Whenever the various Catholic Holy days come around on the calendar, I tend to reflect on where I’ve been, where I am, how I got here, what I used to believe, what I used to supposedly believe because of what I labeled myself, etc. Tomorrow is Ash Wednesday. The last time I ever went to an Ash Wednesday Mass was when I was a child. But I do remember going and getting the mark of the Holy Cross etched upon my forehead in ash. By the time I really knew what it meant, I wasn’t going to church anymore.
For those who don’t know, Ash Wednesday signifies the beginning of the 40 days that the Christ spent in the desert fasting and (the Bible says) being taunted by Satan. Catholics wear the cross as a sign of strength in Christ, but also a remembrance that having come from dust, so we shall return. The ash is applied by the priest.
Hindus wear a tilak on the forehead made of sandalwood paste, clay from a sacred river, turmeric, or sometimes ash taken from a fire sacrifice. It can be as simple as a dot, or a line, but is of varying design depending on the person’s sect. For example the tilak for the Vaisnav sect to which I subscribe is a white U shape with a red marking in its midst, with minor variations amongst the different versions of Vaisnavism. In Sri Vaishnavism the U shape represents the feet of Narayana (the Infinite Lord) and the red marking represents Lakshmi (the feminine characteristics of the Lord).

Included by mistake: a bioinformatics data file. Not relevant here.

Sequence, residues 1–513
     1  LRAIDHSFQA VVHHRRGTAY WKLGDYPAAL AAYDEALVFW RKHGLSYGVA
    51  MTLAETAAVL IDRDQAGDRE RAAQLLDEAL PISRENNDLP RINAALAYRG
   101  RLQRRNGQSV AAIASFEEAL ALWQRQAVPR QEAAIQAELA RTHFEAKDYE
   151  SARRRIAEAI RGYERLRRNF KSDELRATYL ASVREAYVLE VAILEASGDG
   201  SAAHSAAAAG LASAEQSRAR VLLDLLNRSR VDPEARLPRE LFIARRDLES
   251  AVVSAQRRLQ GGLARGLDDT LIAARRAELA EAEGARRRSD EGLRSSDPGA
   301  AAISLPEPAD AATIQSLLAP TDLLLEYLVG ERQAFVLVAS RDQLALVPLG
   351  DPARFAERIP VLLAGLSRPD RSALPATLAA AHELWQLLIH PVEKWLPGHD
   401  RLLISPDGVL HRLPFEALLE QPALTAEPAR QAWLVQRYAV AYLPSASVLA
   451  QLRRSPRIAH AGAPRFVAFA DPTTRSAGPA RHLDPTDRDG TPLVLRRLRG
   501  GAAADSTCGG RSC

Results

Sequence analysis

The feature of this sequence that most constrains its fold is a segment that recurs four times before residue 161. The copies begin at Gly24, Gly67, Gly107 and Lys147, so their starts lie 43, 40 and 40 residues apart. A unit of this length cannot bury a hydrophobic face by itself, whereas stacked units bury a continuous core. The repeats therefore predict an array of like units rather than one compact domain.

The tilak is worn on any particularly Holy or auspicious occasion all throughout the year, or depending on the person it is applied daily as a meditative practice, when one meditates on the divine qualities of the Great Within.
It is applied by the worshiper him/herself.
This personal experience, unconfined to one particular day, appealed to me quite a lot even though it is not something I do with any regularity at all. Since early in my spiritual quest I decided to get the Sri Vaishnava tilak tattooed on my arm, I guess I have never felt the need to do daily sandalwood or ash tilak application. However, even though the tilak represents the infinite form of the Lord, while I wash that arm, I will always become mindful of all of the divine qualities of the Lord in Its perceivable (I don’t want to say finite) form, He Whom we worship, whether it be Jesus Christ or Bhagavan Krishna, etc.
The great thing about it is these are qualities to which most of us would agree that we would do well to aspire, believers or not. Being ever mindful that all personal spiritual paths are taken because they are appropriate for the individual, I think of my tilak as an upgrade, for me.
Om Shanti, Shanti, Shanti!